Sarah: I don’t want them to ever stop giving. I think there is so much need in the world. Their passion doesn’t have to be our passion but as long as they have one. When I was growing up at our church, my mom’s passion was clothing and feeding the homeless; My passion is children. As long as you are giving your children the skill set that it’s not just you, there are others and if they can take that and use it will make me proud. Their legacy can be giving and wherever they want that to be is up to them.
SLC: In terms of philanthropy, when people hear the Wood Family Foundation and know that it’s affiliated with Kerry Wood do you think it makes fundraising a bit hard to navigate?
Sarah: Being the Wood Family Foundation at times, it is easier for our staff to make calls given Kerry’s reputation but you are right we do get that stereotype. We have to explain to potential donors that we need them, the foundation is a public entity not a private family foundation and are legally, by IRS rules, not allowed to fund this. We want longevity with the foundation and the Pitch In program we develop a program that people can identify with, like Afterschool Matters, and down the line it may have Wood Family at the bottom.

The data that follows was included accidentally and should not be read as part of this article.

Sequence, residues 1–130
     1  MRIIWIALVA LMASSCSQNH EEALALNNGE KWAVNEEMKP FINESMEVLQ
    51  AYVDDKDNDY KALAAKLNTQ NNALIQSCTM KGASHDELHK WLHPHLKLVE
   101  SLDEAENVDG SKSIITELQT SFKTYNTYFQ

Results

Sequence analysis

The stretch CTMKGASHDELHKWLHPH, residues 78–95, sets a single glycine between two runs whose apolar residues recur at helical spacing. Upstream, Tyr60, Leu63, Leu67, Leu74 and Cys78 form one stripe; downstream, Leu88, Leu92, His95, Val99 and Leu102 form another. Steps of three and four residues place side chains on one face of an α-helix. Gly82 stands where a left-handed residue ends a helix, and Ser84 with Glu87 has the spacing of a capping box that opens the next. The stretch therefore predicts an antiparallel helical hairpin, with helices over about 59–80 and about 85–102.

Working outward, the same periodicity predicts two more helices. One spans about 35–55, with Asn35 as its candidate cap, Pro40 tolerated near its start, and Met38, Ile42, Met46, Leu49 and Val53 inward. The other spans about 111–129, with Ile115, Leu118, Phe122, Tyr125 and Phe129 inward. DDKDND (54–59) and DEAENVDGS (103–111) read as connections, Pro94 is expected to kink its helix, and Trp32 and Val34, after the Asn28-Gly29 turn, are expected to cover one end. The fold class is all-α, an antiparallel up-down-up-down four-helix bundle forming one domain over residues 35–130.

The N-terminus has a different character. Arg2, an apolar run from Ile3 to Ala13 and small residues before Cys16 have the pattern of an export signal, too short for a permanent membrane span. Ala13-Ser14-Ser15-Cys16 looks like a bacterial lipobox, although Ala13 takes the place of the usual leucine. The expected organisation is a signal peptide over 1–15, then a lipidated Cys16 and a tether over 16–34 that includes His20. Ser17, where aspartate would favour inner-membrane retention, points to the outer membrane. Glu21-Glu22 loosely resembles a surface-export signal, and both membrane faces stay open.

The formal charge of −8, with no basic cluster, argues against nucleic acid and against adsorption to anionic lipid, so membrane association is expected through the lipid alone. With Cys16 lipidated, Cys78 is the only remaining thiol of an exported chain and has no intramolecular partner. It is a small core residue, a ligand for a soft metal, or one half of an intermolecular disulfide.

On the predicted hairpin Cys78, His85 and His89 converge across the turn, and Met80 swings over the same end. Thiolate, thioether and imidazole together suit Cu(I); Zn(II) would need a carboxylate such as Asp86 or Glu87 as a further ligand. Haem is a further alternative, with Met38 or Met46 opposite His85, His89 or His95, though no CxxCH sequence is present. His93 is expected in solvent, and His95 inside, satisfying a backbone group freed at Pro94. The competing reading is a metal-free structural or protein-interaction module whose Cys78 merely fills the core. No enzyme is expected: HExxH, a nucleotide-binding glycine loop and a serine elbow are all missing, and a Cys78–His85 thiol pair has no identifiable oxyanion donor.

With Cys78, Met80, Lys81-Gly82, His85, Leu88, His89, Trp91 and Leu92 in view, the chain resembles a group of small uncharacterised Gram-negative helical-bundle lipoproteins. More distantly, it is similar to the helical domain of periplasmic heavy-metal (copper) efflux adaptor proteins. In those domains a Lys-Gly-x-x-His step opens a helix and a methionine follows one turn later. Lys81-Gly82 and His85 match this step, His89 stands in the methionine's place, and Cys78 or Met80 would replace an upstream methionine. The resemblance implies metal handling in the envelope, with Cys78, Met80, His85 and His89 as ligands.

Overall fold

SLC: What does philanthropy mean to you in three words?
Sarah: Hope (to have hope for our society or humanity, ). Giving (giving of time or writing a check). Future (I don’t think we will be moving forward as a society without people caring).
Kerry: Giving Society Hope.
Woody’s Western Roudup will take place Wednesday October 22 at Joe’s on Weed Street. Click Here for tickets
Photos: Holly Max Myrick; facebook